So, why have I spent so much time describing CLUSTERING_FACTOR? Because when you have an execution plan that does an INDEX RANGE SCAN followed by TABLE ACCESS BY ROWID, you can be sure that the CLUSTERING_FACTOR has been considered by Oracle's optimizer, to come up with the execution plan. For example, suppose you have a 10,000 row table, and suppose 100 of the rows have Occupation = 'DOCTOR'. You write the query above, asking for the Fname of the employees whose occupation is DOCTOR. Well, Oracle can very easily and efficiently determine the rowids of the rows where occupation is DOCTOR. But, how many table blocks will Oracle need to visit, to do the Fname lookup? It could be only 1 or 2 table blocks, if the data is clustered (ordered) by Occupation in the table. But, it could be as many as 100, if the data is very unordered in the table! So, again, 10,000 row table, and, let's assume, (for the purposes of illustration and simple math) that the table has 100 rows/block, and so, 100 blocks. Depending on table order (i.e. CLUSTERING_FACTOR), the number of table block visits could be as few as 1, or as many as 100.

So, I hope this helps you understand why the optimizer may be reluctant to use an index in some cases.

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+1 useful details! –  Florin Ghita Nov 17 '11 at 15:35

An index is the copy of the table which only stores the following data:

  • Indexed field(s)
  • A pointer to the original row (rowid).

Say you have a table like this:

rowid    id  name  occupation
[1]      1   John  clerk
[2]      2   Jim   manager
[3]      3   Jane  boss

Then an index on occupation would look like this:

occupation  rowid
boss        [3]
manager     [2]
clerk       [1]

, with the records sorted on occupation in a B-Tree.

As you can see, if you only select the indexed fields, you only need the index (the second table).

If you select anything other than occupation:

FROM    mytable
WHERE   occupation = 'clerk'

then the engine should make two things: first find the relevant records in the index, second, find the records in the original table by rowid. It's like if you joined the two tables on rowid.

Since the rowids in the index are not in order, the reads to the original table are not sequential and can be slow. It may be faster to read the original table in sequential order and just filter the records with occupation = 'clerk'.

The engine does not "unlock" the records: it just finds the rowid in the index, and if there are not enough data in the index itself, it looks up data in the original table by the rowid found.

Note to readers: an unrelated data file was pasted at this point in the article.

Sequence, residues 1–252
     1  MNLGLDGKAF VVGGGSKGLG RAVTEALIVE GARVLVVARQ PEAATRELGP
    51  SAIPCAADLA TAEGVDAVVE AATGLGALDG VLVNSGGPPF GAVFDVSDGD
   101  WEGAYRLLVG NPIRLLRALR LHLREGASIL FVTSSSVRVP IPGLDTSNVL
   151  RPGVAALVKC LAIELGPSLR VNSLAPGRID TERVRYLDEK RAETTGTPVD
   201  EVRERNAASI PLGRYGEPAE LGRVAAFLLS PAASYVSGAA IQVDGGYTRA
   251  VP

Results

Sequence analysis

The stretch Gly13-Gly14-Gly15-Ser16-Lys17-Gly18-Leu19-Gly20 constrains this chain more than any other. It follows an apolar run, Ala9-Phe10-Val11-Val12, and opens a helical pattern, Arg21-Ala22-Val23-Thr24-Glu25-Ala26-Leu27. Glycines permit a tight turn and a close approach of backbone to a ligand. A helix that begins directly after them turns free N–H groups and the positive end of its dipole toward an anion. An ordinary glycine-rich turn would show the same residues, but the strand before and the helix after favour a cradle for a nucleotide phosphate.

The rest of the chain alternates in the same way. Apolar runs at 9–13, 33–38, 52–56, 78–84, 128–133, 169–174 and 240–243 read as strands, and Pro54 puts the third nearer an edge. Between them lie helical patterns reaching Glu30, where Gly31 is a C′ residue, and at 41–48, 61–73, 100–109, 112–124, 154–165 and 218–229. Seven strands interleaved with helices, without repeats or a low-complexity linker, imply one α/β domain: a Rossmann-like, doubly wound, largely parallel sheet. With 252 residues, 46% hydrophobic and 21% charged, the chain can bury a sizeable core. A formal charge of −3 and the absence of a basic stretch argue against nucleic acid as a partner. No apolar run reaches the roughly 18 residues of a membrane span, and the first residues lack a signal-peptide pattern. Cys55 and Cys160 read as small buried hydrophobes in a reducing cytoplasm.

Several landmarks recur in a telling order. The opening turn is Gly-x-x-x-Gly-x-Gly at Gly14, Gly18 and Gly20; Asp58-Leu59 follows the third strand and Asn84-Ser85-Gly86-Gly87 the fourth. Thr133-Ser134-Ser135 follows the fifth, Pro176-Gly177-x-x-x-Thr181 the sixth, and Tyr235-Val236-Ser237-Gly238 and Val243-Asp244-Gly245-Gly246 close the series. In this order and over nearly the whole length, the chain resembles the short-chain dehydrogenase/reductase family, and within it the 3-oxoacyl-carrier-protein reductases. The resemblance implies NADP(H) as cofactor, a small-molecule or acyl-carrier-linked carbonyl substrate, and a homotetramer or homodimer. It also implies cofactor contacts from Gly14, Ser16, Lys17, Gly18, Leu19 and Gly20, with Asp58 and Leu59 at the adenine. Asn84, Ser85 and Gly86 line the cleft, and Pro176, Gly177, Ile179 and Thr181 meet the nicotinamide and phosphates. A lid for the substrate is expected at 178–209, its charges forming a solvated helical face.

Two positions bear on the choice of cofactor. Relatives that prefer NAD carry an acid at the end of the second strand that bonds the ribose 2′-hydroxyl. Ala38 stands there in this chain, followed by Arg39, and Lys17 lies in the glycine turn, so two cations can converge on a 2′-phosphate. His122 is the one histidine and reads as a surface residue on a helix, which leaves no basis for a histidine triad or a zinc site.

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As a WAG. Analyze the table, and the index, then see if the plan changes.

When you are selecting just the occupation, the entire query can be satisfied from the index. The index literally has a copy of the occupation. The moment you add an additional column to the select, Oracle has to go to the data record, to get it. The optimizer chooses to read all of the data rows instead of all of the index rows, and the data rows. It's cheaper.

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No luck. Thanks though. –  The111 Nov 17 '11 at 3:10
Well then, the full table scan is the cheaper way to do it. What kind of data volumes are we talking about here? –  EvilTeach Nov 17 '11 at 3:22
Add another arrow to your quiver. Learn to use AUTOTRACE with SQLPLUS. adp-gmbh.ch/ora/sqlplus/autotrace.html –  EvilTeach Nov 17 '11 at 3:26
There are 500,000 records in the table. There are 10 attributes total. I just don't understand why it DOES use the index when only searching for that attribute, but DOESN'T if I search for any other attribute (still using the indexed attribute as the search criteria). –  The111 Nov 17 '11 at 3:26
In both of my tests, the where condition only hits the indexed attribute. In one test, the select clause hits an unindexed attribute (and the index is not used). In the other test, the select clause hits only the indexed attribute (and the index is used). I believe that in both of those cases the index should be used, since I thought it unlocked the entire record using the indexed column values as keys. –  The111 Nov 17 '11 at 3:46